Subcultures Will Never Die, They're Just Different Now
The punks became old, the internet brought everyone together and someone invented offensively overpriced streetwear for children.
Photo by Joel Benjamin
A lot of people will tell you subcultures are dead. "In the past," they'll say, lighting their fourth cigarette or flicking a speck of self-aggrandisement across the room, "we had distinct cultural tribes: the punks, the Teddy Boys, the ravers. Then the internet came along and ruined everything."
At this point an insipidly expired reference may then be made about Snapchat or hoverboards, fidget spinners or emoji, as though the culture of today's teens can be defined by a few semi-recent inventions. This way of thinking, however, is wrong. And that's meant objectively, with a capital O, because it's painfully obvious how British subcultures are flourishing.
For the sake of posterity however, and to ruffle the perineum of Britain's elder statesmen, here's a rundown through the young, well-dressed dynasties crawling through our country's cities and parks, wasting money on clothing they will likely regret in the years to come. Take a look, see which one you are, then congratulate yourself on being so easily put in a categorisable box!
The Innocent Children of Grime
Yes, yes, yes – grime has been here for time, it never went away, it is rooted in the country. This paragraph isn't about those who owned a copy of Ruff Sqwad's Guns and Roses (Volume's 1 & 2) or went to Rhythm Division, though. It isn't even about the people who clambered through Skepta's "All Over The House" video, pleasured. This is grime 3.0: led by innocent children with saving accounts and impeccably white socks, polite yet cheeky teenagers, uni students with a penchant for leading their charge into the night with a rallying call of "chyyyyyz!".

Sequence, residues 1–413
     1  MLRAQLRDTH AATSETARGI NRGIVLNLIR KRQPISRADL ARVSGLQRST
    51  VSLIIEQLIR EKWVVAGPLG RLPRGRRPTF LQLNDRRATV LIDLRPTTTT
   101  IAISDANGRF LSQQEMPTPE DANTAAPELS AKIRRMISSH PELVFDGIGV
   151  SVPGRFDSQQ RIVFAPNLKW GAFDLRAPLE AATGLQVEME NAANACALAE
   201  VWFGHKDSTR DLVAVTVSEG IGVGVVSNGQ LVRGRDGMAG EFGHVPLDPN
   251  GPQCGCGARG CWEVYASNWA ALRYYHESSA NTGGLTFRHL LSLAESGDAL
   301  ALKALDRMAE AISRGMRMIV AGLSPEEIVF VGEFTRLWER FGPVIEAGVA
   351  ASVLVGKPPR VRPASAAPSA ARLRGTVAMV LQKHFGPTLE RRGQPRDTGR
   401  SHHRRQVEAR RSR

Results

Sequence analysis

Separated from the culture that birthed grime, yet so defiantly close to it with the purchase of one shotter bag and a pair of tight-fitting tracky bottoms, these responsible likkle children poured cement into the foundation of Britain's most exciting new genre. Then they got a haircut like Little T.
Ever since the first crumb of MDMA trickled down the throat of the 1970s, the nightclub has spawned plenty of drug-addled, music-savvy bambinos. The late 2010s are no different. Cocaine, MDMA, speed, weed – they're as popular as they ever have been, with stuff like GHB and (for the weak) Nos balloons thrown in, all topped off with the smooth after-taste of a blue-coloured Valium.
As always, there's a distinct divide in groups: the PC Music pals of yesteryear; the bondage-heavy, male and female techno sluts; the fuccbois in exceptionally clean T-shirts, waiting to cooly slide into your DMs the next morning – they've all come together for this party, celebrating people in a way that will never end so long as humanity survives the great ball of heat that will soon come and torch us all. Anyone over the age of 30 (or in a loving relationship) doesn't realise this, because the only time they go outside is to have brunch or a heated argument.
The Strange, Streetwear Denizens of Instagram
Fuck knows what tunes these guys and gals listen to. One thing is certain though: they love the shit out of overpriced streetwear. Who is to blame here? Is it ASAP Rocky? Tyler, the Creator? Jonah Hill? In a way it's as though the people of this subculture have all merged into one all-consuming entity, pushing each other into purchasing lucrative items, moving as one like a ratking but with an Adidas and Palace collaboration on their feet, a Supreme-branded lighter in their pocket – and a devastatingly apathetic political opinion marinating somewhere in their brain.
Bruh, have you heard of Hyper Japan?
Students of the Art School
Like their clubbing cousins, this too is a subculture that will never die. Covered in paint; clothes purchased from a charity shop; a few pills of 2CB rolling loosely in the depths of their wallet. These are the signs. The music: a blend of bands most people collectively never think about until seeing them on the bill of a festival and thinking "Who? How?" or something very redundant and similar. Somewhere they will be doing some weird-ass shit, keeping their tradition very much alive.
The Super Fan
You can find Ryan on Twitter.